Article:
A description of our accounting policies and other financial information is included in our audited consolidated financial statements filed with the SEC on Form 10-K for the fiscal year ended December 29, 2020. The disclosures included in our accompanying interim consolidated financial statements and footnotes should be read in conjunction with our consolidated financial statements and notes thereto included in the Annual Report on Form 10-K and our other reports filed from time to time with the Securities and Exchange Commission.

COVID-19 Pandemic Update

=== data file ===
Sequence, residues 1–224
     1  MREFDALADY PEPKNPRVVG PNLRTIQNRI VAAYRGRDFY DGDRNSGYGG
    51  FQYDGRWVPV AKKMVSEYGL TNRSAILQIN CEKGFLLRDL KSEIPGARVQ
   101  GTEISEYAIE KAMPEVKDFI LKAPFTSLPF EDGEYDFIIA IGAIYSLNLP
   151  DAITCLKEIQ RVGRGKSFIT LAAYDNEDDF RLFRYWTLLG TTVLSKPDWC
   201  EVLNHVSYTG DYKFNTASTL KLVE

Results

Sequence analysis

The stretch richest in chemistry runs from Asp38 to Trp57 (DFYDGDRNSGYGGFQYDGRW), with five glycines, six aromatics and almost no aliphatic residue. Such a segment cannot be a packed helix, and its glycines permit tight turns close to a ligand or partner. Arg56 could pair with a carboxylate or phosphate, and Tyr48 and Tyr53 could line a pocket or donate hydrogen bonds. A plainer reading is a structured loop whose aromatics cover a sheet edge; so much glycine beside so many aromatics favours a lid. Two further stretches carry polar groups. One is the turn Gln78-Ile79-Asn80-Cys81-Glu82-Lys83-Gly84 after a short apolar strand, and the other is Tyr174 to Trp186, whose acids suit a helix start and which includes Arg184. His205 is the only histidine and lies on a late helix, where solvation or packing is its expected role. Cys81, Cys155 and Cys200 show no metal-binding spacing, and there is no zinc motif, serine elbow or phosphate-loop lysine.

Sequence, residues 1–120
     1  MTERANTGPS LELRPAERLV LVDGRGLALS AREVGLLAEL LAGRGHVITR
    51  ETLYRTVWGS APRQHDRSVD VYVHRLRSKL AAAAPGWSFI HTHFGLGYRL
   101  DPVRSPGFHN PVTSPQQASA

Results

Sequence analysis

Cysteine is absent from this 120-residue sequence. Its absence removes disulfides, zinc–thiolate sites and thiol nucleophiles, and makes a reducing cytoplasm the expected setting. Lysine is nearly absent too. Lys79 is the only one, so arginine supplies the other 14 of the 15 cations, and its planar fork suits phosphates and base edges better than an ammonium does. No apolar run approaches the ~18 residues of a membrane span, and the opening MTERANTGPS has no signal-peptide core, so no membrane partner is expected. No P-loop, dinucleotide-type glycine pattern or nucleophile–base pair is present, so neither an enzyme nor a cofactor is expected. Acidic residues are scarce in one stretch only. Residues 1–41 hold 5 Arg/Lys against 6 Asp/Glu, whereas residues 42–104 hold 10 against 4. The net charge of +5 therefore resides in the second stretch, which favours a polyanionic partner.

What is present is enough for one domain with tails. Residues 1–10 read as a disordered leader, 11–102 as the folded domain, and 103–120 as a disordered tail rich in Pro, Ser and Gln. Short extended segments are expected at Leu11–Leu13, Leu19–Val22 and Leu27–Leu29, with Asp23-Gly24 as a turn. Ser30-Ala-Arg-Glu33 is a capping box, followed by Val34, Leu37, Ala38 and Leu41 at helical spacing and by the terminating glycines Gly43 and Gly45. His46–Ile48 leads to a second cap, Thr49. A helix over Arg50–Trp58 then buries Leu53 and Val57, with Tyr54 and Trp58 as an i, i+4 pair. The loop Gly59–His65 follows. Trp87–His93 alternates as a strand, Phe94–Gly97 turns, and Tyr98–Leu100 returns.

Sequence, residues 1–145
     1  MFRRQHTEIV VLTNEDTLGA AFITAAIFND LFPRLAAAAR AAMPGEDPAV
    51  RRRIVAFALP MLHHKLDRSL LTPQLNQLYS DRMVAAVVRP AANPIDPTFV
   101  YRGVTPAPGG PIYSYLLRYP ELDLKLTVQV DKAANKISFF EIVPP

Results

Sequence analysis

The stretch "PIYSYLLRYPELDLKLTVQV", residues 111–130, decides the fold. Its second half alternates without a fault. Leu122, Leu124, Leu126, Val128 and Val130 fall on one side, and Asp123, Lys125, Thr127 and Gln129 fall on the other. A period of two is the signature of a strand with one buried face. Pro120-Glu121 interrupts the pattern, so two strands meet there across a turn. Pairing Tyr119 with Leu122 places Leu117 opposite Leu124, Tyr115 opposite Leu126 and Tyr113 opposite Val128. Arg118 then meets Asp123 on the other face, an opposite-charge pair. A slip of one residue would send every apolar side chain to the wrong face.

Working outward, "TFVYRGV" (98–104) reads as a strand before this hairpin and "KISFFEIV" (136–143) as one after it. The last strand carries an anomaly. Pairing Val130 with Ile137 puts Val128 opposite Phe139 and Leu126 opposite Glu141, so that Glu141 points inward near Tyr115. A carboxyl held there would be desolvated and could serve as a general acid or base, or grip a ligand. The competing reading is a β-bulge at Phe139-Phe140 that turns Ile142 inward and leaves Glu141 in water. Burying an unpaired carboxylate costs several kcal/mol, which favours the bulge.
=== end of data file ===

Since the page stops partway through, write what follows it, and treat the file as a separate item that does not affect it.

The COVID-19 pandemic has adversely affected, and is expected to continue to adversely affect, our operations and financial results for the foreseeable future. As of May 4, 2021, 1 of our 211 restaurants remains temporarily closed and the remaining 210 are serving guests in our dining rooms in a limited capacity, while adhering to social distancing protocols and limited hours. While national, state and local jurisdictions could continue easing their restrictions on businesses, jurisdictions may continue to place varied limitations and requirements on dining room capacity, social distancing, personal protective equipment, operating hours, and other restrictions or costs on our business that may prevent us from returning to the sales and profit levels we experienced prior to the COVID-19 pandemic. With approved vaccines being distributed and administered, we expect our restaurants’ dining room capacity to increase as public health conditions improve and restrictions are eased. However, it is possible additional outbreaks could require us to reduce our capacity or further suspend our in-restaurant dining operations, and there is no guarantee that state and local jurisdictions that ease restrictions will not later reverse or roll-back the restrictions, as many have done in the past. For more information regarding the risks to our business relating to the COVID-19 pandemic, see “Risk Factors” in Item 1A of our Annual Report on Form 10-K for the fiscal year ended December 29, 2020.